The Health Information Portability and Accountability Act (HIPAA) was signed into effect in 1996 by President Bill Clinton to protect data privacy. The act safeguards patient medical information and personal identifiable information, and other sensitive information from being shared without consent. The sharing of such information includes face-to-face communications and technology like Internet, client portals, video and phone calls, and other communication devices like smartphones, email and tablets.
The privacy rule of the HIPAA Act is centered on protecting medical records, health insurance plans, etc. HIPAA compliance ensures that codes, limits and other mandatory disclosures are in place to keep track of what information is shared, and only as long as the patient gives permission to do so. The privacy rule lays out very specific guidelines for the following:
· Administrative responsibilities
· Written agreements
· Employer and vendor responsibilities to train others on the terms and disclosure of HIPAA and privacy sharing.
· Procedures for electronic transactions, claims and other communications
The HIPAA security code covers the electronic sharing of health information. This section of the Act establishes federal standards for securing patient data that is stored electronically. The security rule highlights the confidentiality requirements of obtaining and maintaining sensitive information. Here is a synopsis of the security rule:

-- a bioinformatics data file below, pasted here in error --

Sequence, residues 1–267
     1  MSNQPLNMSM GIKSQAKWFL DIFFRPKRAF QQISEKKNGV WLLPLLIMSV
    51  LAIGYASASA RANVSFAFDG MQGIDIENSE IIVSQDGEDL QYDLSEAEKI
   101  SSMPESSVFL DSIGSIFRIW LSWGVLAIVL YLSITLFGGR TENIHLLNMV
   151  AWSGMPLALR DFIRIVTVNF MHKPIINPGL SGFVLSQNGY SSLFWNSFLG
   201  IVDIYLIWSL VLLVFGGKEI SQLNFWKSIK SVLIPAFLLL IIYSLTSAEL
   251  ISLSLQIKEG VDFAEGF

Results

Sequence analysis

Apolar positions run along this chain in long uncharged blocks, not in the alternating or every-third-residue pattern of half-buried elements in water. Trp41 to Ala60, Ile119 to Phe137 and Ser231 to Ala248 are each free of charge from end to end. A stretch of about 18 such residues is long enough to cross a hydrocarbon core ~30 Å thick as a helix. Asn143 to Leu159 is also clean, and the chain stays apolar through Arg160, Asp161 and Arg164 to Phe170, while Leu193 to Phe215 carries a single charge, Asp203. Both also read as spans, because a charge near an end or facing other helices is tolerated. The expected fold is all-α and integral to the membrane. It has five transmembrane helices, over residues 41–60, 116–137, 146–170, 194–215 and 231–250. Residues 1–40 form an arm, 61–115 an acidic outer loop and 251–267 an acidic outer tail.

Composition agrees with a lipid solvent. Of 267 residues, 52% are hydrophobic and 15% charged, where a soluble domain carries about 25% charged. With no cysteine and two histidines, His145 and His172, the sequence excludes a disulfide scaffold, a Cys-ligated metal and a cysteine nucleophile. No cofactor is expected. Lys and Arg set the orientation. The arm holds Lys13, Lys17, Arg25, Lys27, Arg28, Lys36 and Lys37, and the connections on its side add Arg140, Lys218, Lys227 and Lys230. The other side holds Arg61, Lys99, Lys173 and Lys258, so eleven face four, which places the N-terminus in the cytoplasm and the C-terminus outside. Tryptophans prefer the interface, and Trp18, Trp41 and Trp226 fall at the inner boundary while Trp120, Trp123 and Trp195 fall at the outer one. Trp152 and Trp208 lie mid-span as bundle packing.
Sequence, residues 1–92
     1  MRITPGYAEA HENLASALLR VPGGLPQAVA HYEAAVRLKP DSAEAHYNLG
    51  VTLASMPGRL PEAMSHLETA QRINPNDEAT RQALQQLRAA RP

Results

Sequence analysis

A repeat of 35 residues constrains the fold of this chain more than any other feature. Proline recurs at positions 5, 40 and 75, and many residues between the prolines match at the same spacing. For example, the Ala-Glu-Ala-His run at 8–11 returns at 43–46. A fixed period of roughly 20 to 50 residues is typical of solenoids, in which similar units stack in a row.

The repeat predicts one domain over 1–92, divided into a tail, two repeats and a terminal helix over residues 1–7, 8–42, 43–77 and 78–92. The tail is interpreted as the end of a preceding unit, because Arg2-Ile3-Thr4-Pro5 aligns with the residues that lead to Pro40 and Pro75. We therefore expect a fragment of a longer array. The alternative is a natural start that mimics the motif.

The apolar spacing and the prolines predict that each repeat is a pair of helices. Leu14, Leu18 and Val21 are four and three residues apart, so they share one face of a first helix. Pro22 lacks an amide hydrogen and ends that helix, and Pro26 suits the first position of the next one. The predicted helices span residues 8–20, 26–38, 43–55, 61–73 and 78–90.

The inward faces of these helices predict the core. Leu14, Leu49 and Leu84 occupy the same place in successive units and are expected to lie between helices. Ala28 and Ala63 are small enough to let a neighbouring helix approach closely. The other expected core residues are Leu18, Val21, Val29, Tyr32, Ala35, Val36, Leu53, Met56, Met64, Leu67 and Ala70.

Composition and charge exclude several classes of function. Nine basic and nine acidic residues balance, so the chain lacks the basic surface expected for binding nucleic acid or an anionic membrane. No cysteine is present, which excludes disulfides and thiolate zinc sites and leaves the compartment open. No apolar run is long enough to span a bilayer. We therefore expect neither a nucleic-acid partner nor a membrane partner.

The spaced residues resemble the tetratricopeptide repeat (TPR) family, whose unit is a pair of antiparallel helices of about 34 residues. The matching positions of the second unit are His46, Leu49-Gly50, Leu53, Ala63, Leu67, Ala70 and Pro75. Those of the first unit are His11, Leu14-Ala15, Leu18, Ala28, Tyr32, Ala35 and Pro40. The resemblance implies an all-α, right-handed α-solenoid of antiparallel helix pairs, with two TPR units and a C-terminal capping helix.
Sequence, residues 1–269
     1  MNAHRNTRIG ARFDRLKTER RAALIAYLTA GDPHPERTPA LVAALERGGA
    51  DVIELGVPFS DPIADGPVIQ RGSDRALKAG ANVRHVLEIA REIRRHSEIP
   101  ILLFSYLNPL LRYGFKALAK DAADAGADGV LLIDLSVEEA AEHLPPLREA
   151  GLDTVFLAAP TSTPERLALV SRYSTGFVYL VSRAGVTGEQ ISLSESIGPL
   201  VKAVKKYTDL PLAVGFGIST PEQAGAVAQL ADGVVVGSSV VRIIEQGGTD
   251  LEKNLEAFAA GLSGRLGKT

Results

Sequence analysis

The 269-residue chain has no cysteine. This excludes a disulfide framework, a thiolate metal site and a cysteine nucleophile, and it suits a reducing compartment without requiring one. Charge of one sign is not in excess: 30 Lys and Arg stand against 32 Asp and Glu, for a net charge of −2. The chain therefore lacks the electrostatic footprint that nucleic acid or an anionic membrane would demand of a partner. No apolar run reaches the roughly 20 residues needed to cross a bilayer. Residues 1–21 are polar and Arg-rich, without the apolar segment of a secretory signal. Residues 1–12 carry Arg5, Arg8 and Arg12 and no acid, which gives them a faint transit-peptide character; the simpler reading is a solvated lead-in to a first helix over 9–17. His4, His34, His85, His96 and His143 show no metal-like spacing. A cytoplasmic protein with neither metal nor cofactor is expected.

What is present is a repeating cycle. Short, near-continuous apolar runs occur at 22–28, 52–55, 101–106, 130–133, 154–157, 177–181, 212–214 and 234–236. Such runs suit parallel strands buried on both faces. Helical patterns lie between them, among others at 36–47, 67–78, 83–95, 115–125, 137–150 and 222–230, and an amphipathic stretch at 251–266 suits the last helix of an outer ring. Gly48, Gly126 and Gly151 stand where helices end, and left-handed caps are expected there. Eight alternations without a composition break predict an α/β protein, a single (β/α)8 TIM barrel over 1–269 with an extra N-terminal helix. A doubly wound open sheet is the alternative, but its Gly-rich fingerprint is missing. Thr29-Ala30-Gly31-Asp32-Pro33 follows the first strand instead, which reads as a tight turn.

· National security standard
· Protects electronic records and other information
· Supports HIPAA Privacy Rule
· Password protected access to sensitive information
· Policies for new employee training and how-to manuals for new hires
· Policy to limit access of confidential and sensitive information
For more information about HIPAA compliance please visit, https://www.hipaa.com/
What is the HITECH Act?
The Health Information Technology for Economic and Clinical Health (HITECH) Act went into effect in February 2009 to supplement HIPAA. Like the HIPAA act, HITECH protects individuals’ sensitive information. The primary difference between HITECH and HIPAA is that HITECH addresses the security and safety concerns of technology used in healthcare facilities. Vendors that provide such technologies must comply with the national standards as well. If violated, fines and in some cases, jail time are mandated.
For more information about the HITECH Act, click here.
If you have any questions or concerns in regards to the HIPAA or HITECH acts or Interpreters Unlimited’s compliance policies please call 800-726-9891 or email email@example.com.
HIPAA Compliance for Language Service Providers
Check out our blog post about what it takes to be a HIPAA-compliant language services company.